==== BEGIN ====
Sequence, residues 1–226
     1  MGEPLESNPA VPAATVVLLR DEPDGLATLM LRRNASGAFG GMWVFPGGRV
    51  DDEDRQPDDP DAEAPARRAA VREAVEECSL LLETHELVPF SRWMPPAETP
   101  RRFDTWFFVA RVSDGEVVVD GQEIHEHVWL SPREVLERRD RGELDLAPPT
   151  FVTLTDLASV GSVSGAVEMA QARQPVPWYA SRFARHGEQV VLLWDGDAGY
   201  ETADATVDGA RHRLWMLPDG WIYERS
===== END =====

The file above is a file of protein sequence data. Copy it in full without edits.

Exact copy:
Sequence, residues 1–226
     1  MGEPLESNPA VPAATVVLLR DEPDGLATLM LRRNASGAFG GMWVFPGGRV
    51  DDEDRQPDDP DAEAPARRAA VREAVEECSL LLETHELVPF SRWMPPAETP
   101  RRFDTWFFVA RVSDGEVVVD GQEIHEHVWL SPREVLERRD RGELDLAPPT
   151  FVTLTDLASV GSVSGAVEMA QARQPVPWYA SRFARHGEQV VLLWDGDAGY
   201  ETADATVDGA RHRLWMLPDG WIYERS